For much of his life, Larry Li knew about the significance of the 1989 protests in Tiananmen Square, but he didn’t realize how much it personally affected his family until recently.
The Chinese American artist spoke with an old family friend earlier this year, who told Li to “ask your ma about 1989.” He learned that the family friend, aptly named Mr. Ma, rescued Li’s uncle during the protests, at a time when his mother was unsure of his whereabouts.
This revelation inspired Li to create the art on display at an exhibition he titled Ask Your Ma About ‘89, currently at the Residency Art Gallery in Inglewood through January 20, 2024. It features 13 of his works, and it explores how generational trauma affects Chinese American families through the lens of the Tiananmen Square protests.
“There’s a sense of cultural amnesia when it comes to my cultural heritage, and I think that’s the thing with the immigrant experience. It’s a lifelong endeavor to unravel that amnesia,” Li says.
While Li was born in America nine years after the Tiananmen Square protests, his works often reference that event. He sees parallels between the tumultuous time for Chinese students in 1989 and the mass protests in America in 2020.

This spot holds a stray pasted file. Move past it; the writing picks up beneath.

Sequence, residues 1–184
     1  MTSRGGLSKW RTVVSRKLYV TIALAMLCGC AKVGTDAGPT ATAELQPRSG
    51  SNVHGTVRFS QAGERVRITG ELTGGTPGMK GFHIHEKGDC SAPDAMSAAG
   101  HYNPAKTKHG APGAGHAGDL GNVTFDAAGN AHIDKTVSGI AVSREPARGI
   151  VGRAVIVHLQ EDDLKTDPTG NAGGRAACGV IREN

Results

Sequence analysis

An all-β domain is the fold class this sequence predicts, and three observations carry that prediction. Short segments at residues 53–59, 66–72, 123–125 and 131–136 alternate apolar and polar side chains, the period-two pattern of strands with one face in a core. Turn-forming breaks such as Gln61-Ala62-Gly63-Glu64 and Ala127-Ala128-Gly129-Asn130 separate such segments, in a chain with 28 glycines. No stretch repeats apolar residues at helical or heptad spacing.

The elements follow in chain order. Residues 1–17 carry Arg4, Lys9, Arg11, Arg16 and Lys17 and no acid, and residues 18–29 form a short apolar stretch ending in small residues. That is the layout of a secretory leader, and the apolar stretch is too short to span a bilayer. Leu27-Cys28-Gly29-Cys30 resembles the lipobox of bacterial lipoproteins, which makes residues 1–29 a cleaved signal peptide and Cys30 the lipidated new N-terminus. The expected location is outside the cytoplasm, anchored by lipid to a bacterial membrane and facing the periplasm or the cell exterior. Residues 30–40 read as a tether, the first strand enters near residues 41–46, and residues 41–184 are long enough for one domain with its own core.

“ really triggered me to look back at my parents’ generation, at a time when they were close to my age, and how similar events affected them,” Li says.
But the political nature of his art elicits complicated reactions, even from Li’s own family. He describes their reaction to the exhibit as “awkward,” even though his works were directly inspired by their lived experiences.
For Li, this awkwardness sits at the core of his artistry. Ask Your Ma About ‘89 expresses an open mindset that Li now invites, “embracing the messiness that comes with the yearning desire to understand one’s inherited histories.”